The first day of an inquiry into the deaths of an Alberta RCMP member and suspect finished Wednesday, the beginning of a three-day process families hope will bring change to police procedures.

Const. David Wynn, 42, was killed at St. Albert’s Apex Casino while investigating a stolen truck in 2015.

Eyewitnesses described Wynn and his partner, Auxiliary Constable Derek Bond, chasing a man. One of the officers tried to grab the suspect, who pulled a gun and shot both officers in the ensuing struggle.

Bond was shot in the arm and torso but survived. Wynn died in hospital four days later.

On Wednesday, the medical examiner told a St. Albert courtroom Wynn suffered a gunshot wound to the upper forehead. Court heard “there was both an entry wound and an exit wound present on the body.”

“Four years later, to have to go back to all of those little details was extremely hard,” widow Shelly MacInnis-Wynn told CTV News.

She acknowledged the hearings aren't called to assess blame as a trial would, but meant to recommend how such tragedies can be avoided.

“These inquiries are done because of safety issues or to better the organization. And I think it's important that if a judge is making those recommendations they should really follow through with them,” MacInnis-Wynn said earlier in the day.

The inquiry is also looking into the death of Shawn Rehn, the suspected car thief.

Rehn’s body was found by RCMP in a nearby acreage home 10 hours after Wynn was shot. A tactical team reported hearing a gunshot, then entered the home through a basement window.

The inquiry was told Rehn took his own life based on the trajectory of the bullet and the injuries, which the medical examiner testified were “absolutely consistent with contact range entry gunshot wounds.”

Rehn had been out on bail in 2015 while facing 15 charges, including escaping lawful custody, possession of a prohibited firearm and failing to show up to a previous bail hearing.

Senior RCMP officers questioned at the time why Rehn was out on the street. Alberta's justice minister called for a review of how the case was handled.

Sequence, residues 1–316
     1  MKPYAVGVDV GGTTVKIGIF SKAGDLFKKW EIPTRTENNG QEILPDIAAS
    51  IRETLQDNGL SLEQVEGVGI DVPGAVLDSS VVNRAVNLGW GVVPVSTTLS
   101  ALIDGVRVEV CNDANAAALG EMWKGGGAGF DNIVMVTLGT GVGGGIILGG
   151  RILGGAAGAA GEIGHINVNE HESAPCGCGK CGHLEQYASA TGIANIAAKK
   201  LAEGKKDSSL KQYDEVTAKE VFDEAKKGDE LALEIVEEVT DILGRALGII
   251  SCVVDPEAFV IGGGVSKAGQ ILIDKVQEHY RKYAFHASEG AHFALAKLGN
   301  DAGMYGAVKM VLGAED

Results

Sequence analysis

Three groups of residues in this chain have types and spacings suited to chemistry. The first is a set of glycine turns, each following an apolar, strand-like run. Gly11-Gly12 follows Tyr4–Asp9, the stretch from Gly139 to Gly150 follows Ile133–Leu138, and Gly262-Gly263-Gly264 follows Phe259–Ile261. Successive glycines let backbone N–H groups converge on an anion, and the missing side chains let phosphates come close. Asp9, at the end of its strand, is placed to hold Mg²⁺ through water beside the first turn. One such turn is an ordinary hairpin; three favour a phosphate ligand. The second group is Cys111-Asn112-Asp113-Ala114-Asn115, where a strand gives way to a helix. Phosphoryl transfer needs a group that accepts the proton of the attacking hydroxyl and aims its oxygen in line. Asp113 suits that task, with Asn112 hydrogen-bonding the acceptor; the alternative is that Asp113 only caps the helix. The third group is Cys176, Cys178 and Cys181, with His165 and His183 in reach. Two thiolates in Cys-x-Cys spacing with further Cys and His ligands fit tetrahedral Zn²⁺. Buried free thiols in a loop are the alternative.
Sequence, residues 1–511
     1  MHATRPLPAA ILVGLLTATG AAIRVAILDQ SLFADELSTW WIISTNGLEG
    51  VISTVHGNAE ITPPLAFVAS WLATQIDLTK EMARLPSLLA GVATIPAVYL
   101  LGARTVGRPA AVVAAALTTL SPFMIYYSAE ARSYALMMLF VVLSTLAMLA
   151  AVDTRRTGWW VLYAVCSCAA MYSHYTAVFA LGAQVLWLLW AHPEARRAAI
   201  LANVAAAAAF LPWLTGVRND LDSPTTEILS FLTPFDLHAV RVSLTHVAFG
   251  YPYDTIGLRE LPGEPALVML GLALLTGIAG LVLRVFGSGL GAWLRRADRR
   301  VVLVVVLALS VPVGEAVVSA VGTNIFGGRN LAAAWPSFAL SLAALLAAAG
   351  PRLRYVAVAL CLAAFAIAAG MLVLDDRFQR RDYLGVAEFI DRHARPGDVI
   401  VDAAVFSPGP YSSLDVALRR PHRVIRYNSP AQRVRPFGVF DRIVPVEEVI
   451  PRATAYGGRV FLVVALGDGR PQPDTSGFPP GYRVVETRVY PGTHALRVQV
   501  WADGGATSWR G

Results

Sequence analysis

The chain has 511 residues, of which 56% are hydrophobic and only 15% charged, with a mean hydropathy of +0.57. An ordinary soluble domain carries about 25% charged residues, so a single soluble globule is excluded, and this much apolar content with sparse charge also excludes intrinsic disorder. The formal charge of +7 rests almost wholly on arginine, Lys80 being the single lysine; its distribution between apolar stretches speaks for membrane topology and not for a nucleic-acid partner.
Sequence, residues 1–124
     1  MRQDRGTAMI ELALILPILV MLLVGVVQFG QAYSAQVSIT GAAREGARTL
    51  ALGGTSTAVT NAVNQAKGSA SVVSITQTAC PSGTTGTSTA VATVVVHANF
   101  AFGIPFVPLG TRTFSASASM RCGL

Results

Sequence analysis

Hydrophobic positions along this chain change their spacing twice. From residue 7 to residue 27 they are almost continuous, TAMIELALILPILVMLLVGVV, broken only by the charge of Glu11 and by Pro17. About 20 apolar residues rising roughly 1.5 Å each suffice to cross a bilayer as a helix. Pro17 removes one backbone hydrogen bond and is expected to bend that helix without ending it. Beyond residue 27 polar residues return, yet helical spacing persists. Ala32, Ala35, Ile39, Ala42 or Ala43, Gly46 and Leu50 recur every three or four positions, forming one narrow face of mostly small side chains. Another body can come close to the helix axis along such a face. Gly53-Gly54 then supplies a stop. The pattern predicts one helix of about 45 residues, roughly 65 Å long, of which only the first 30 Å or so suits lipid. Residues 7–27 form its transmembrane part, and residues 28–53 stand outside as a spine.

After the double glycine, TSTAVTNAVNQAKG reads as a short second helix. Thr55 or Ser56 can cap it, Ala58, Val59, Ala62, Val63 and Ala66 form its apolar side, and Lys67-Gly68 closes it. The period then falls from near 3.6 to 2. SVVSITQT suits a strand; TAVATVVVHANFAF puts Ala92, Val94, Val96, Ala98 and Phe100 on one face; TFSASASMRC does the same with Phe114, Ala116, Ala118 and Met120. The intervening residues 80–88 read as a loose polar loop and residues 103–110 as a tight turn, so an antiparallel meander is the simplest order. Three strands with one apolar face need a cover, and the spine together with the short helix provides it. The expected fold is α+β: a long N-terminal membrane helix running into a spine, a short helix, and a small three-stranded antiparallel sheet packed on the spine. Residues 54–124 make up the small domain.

On Wednesday, a senior justice department official also testified on changes made to the bail system since 2015.

As was common practice then, a police officer presented at Rehn’s bail hearing. There was no oversight by the province.

“They were pretty well stand-alone,” suggested Wednesday’s inquiry counsel.

“Correct,” replied the assistant deputy minister.  

In 2017, Alberta stopped using police officers to stand in for Crown prosecutors during bail hearings. The use of auxiliary constables has also been restricted.

“I think that was a good change,” Wynn said. “And I think that was necessary to happen.”

She has attempted to get a law passed to require prosecutors to attend bail hearings and reveal the applicant's criminal history. While the first objective has been achieved, she said the second is still unfulfilled.

“There still is that loophole,” Wynn said. “It's not mandatory for officers or prosecutors to bring all that information forward.

“I think it's something they do have to address.”

Wynn said it's been a long road for her and her family. She is raising three boys, now 17, 19 and 20 years old.

She credits help from a group called Camp FACES, which assists first-responder families suffering from sudden trauma, with making a big difference.

“They are absolutely amazing and have been a huge support for myself and my family.”

Wynn said it was at Camp FACES that the whole family learned a vital lesson.

“Seeing the families who have children who are much, much younger who have lost their fathers or their mothers, I'm thankful (my sons) got to spend a lot of time and have a lot of memories of their dad,” she said.

“As I see all of these families, I truly am thankful that they did have the time they did with him.”

With files from CTV Edmonton’s Bill Fortier and The Canadian Press